This is a worthy experiment and strong fusion of genres, but throughout I can’t help but feel that there is something missing. It could be the lack of abandon that contemporaries Godspeed! employ so well, but more likely the nagging points to where a decent vocal should be. As such the feel is almost incomplete and therefore instills a sense of wistful longing across the album like a creeping fog, which if relaxing is equal parts unsettling.
The Late Greats – Life Without Balloons
The first thing that springs to mind when I think of balloons is Midget’s indifferent ‘hit’ Invisible Balloon, rather than some happy memory at a party, though I don’t have many friends and as a consequence don’t attend many parties. Still, I’ve lots of records and that’s just the same thing, right?
This album is a collection of strangely simple yet compelling indie-pop jangles that in places drive the record forward commendably, but stagnate sadly in others. It is poppy but not in a detracting way, rather in an inoffensive way. With staccato drumming, an often-weedy voice that recalls the Maccabees and a surfeit of handclaps in places, the record does sound better as an ensemble than it probably ought to. This could be due to the few soaring Pixies-type moments that are to be found throughout, most noticeably in the track ‘Quick Fix’ – it’s the voice and the guitar noodlery that do it.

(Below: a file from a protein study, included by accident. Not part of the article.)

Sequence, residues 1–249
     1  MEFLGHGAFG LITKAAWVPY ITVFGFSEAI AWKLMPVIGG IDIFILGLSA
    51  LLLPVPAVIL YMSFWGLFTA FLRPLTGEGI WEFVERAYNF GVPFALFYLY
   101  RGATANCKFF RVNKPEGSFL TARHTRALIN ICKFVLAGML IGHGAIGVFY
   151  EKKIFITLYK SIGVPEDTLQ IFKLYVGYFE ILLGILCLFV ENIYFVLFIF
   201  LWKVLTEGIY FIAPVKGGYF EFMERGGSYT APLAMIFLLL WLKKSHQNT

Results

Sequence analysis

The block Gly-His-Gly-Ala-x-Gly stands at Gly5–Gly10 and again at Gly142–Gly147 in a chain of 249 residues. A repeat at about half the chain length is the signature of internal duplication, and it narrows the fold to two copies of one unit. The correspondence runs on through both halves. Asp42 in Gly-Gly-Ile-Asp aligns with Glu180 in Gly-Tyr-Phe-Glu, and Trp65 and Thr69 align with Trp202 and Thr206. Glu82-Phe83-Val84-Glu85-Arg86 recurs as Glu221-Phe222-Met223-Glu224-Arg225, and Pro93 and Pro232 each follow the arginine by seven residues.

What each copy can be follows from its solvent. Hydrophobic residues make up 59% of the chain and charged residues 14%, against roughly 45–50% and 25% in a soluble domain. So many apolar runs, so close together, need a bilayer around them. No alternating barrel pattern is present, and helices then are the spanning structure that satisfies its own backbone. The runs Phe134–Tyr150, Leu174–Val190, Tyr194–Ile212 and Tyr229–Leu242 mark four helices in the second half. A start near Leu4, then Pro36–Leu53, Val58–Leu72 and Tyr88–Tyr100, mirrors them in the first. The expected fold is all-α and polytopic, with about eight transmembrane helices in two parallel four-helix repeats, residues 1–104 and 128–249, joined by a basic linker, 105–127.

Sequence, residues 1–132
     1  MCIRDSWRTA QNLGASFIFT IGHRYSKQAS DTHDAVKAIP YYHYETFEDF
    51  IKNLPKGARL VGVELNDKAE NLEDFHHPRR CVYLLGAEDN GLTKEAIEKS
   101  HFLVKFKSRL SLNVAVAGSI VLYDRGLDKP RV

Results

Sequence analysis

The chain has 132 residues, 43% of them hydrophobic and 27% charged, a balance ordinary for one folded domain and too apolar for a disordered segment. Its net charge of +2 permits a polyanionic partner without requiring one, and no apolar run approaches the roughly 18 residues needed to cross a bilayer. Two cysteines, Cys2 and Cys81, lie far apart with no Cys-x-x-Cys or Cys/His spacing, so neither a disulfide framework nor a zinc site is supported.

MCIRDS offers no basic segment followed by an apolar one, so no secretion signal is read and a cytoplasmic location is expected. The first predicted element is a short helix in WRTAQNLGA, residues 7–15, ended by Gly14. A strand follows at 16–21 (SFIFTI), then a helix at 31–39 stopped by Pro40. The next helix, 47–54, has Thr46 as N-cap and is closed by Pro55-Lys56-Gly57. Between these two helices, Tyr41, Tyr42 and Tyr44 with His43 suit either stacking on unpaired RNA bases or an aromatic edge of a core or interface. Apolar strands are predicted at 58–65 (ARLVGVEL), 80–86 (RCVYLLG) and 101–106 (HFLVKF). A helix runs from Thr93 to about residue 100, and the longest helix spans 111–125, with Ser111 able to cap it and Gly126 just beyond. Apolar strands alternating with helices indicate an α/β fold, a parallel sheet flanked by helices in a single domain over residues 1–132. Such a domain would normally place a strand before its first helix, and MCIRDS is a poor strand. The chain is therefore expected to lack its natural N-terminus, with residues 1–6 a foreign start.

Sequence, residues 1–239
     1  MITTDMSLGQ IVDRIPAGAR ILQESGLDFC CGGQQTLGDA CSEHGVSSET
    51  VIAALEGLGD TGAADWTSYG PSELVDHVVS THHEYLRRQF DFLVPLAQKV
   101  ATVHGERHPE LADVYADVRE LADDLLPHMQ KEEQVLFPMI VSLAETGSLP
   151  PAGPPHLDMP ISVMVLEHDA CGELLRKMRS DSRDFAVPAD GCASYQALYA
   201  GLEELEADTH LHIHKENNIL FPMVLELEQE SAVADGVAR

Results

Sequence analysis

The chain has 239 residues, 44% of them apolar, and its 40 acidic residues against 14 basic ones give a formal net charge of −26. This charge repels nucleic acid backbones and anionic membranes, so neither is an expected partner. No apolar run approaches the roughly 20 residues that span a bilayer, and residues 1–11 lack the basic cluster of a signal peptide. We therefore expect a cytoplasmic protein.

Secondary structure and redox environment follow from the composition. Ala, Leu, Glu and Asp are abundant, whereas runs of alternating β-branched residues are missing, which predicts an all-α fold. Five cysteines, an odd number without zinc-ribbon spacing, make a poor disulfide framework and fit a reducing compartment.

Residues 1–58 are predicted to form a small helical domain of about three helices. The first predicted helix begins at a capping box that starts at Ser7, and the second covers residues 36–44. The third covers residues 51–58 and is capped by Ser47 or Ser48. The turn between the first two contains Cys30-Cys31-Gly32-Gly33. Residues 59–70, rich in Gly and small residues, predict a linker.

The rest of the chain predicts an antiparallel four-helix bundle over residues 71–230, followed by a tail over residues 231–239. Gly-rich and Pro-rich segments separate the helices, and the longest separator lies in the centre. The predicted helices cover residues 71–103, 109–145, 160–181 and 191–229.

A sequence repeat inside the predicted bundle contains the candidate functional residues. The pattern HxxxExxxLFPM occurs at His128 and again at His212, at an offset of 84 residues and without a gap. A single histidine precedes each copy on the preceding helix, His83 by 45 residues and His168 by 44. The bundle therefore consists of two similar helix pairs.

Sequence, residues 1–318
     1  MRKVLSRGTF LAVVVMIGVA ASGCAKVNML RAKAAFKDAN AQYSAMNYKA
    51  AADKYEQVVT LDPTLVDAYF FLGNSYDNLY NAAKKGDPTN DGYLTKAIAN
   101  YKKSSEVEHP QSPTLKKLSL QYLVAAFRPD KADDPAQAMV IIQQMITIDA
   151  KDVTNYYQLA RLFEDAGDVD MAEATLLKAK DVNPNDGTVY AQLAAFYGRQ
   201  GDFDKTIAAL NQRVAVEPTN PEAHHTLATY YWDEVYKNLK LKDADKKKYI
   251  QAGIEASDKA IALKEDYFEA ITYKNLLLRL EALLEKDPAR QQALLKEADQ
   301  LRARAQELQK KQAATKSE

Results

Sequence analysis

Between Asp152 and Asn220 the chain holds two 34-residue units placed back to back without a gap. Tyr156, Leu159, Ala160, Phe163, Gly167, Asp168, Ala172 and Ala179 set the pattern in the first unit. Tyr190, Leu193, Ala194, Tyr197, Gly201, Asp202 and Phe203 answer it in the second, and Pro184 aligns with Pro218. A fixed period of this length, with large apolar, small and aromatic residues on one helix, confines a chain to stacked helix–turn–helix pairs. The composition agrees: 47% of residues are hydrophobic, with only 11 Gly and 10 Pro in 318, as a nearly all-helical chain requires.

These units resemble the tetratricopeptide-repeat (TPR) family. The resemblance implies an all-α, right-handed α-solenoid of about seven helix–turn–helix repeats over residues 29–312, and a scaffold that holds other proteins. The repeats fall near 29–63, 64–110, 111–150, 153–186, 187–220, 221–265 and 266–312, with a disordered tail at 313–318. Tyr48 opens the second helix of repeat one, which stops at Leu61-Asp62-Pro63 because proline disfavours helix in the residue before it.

Inoffensive I feel is the best description to use, because it isn’t a bad record at all, but one that will sadly have to compete at the arse-end of the market with derivative chart nonsense due to its blander, radio-friendly parts.
That said, ‘Let It Happen’ is a good track that deserves more recognition, it is angular in a post-punk kind of way with a shout-along chorus and a substantial thread of simplistic charm at its core.
Definite potential but perhaps a bit rushed; there is a good album in here somewhere. Strong start and finish with a flabby middle. I know how it feels, but then mine is a life without balloons, invisible or otherwise.